NOTICE: The Apocalypse tapes have now been thoroughly edited, removing annoying coughing and other interference.
I was asked by the Apostolate for Family Consecration (afc.org), back in 1990, to record a series of commentaries on the last book of the Bible, the Apocalypse (or Book of Revelation). The original tapes were with video, but I recently requested permission to post the audio recordings on my site. The AFC generously agreed. The ten audio episodes are available below, followed by a second video format of the 5th episode, designed by my webmaster. The images are taken from the late 14th century Angers Apocalypse Tapestry, on display in the Musée de la Tapisserie, Château d’Angers, France.
I obviously claim no infallibility in my interpretation of this mysterious book. My only hope was to show that the text can be read in harmony with the rest of Scripture and appreciated as a serious part of Biblical revelation. I also wished to show that the symbolic language of the book does not amount to a fictional hallucination, but rather the revelation of a final, terminal dimension of reality lying just beneath the surface of our lives. It sometimes rises closer to consciousness, sometimes retreats. But it is always there, just like the imminence of our own death and final destiny. “In all you do, remember the end of your life, and then you will never sin.” (Sir. 7, 36)
As mysterious as was our beginning, so will be the end toward which we all – whether as individuals or as a race – inexorably advance. The Apocalypse makes that point with unmistakable emphasis. I have more recently addressed this matter here: Protology and Eschatology in Miniature. Genesis and Apocalypse are, quite simply, the indispensable bookends to the Biblical story, and the Alpha and Omega of the meaning of human existence.
In this age of pre- or post-millennialisms, talk of Raptures and imminent world conflagrations, a final comment is called for. Most Protestant, and virtually all Orthodox and Catholic churches happily agree on one principle of Biblical interpretation: namely, that large numbers are normally figurative. Accordingly, they adhere to St. Augustine’s view that the thousand-year reign of Christ (Apoc. 20) is itself symbolic; it merely references the undetermined trajectory of the Church’s history. Through the redemption wrought by Christ, Satan is bound indeed, but not because he has been definitively banished, but in the sense that he no longer blocks the door to heaven. That door is now opened, and the population within is increasing by the day.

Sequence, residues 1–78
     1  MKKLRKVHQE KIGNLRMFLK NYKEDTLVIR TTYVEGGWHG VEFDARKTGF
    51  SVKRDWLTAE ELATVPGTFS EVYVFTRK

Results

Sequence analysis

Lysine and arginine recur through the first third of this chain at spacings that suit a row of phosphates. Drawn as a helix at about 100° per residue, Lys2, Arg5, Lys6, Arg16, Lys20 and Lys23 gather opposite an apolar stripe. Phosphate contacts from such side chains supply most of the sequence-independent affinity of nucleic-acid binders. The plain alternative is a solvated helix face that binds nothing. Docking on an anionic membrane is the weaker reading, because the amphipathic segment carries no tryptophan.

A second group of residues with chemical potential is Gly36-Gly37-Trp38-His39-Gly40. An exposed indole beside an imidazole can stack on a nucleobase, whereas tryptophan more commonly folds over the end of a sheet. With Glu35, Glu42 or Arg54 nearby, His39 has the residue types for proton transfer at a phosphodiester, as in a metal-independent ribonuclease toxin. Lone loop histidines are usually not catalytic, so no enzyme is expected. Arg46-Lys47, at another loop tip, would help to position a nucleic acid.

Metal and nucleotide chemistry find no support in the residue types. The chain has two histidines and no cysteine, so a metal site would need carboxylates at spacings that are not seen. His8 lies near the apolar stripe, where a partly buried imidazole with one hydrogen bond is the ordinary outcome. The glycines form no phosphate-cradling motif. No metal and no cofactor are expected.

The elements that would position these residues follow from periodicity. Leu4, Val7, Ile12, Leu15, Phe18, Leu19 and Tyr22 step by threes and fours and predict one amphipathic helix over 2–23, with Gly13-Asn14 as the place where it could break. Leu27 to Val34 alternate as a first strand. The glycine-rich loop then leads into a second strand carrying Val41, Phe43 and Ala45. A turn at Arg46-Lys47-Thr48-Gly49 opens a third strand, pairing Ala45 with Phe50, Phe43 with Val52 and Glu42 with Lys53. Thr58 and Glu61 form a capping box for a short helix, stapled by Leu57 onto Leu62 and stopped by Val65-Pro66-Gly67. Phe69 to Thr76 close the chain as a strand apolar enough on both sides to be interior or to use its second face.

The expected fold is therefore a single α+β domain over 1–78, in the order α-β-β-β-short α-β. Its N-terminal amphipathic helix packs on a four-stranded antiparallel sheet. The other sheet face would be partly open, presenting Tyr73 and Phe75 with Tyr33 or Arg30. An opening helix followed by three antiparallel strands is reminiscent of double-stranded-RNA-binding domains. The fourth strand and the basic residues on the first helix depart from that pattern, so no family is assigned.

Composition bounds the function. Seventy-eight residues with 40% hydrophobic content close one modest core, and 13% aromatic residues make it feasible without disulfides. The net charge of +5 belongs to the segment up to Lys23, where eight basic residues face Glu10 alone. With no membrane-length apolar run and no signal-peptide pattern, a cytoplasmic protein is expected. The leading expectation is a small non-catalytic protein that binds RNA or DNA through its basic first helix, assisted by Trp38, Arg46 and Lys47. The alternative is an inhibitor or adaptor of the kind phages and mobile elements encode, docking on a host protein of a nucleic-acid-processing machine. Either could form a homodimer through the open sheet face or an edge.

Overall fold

With the Church established on Earth, the works of darkness will be checked and their days numbered. No longer Paradise, and not yet the New Jerusalem – but a world in which God’s presence has gained a new foothold. The exact length of this era will depend on the inscrutable interface where divine and human freedom interact. Furthermore, the “second coming” of Christ (not explicitly mentioned in Revelation) is commonly understood to be the mysterious consummation of that history, symbolized by the Holy City, “coming down out of heaven from God.” (Apoc. 21, 2). However, it is an event whose details remain hidden and whose time and date resist all second-guessing. “No one knows the day nor hour.” (Mt. 24, 36) Also unmentioned is the “Anti-Christ,” a figure for any number of the Church’s historical enemies. St. John assures us that “…many antichrists have come….” (1 Jo 2, 18) We can surely expect a few more.
Somewhat surprisingly, the Apocalypse has been traditionally understood to serve as a book of comfort. But to gain that comfort, one does need to read it through to the end. The present meditations are intended to assist us in that rewarding endeavor.
The Seven Churches
The Open Door, the Scroll and the Lamb
The Seven Seals
The Seven Trumpets
The Two Witnesses, the Woman and the Dragon
The Beast, the Lamb, the Eternal Gospel
The Seven Bowls of Wrath, the Fall of Babylon
Chapters 19-20 :
Heaven Opened and the "Millenium"
The New Heaven and the New Earth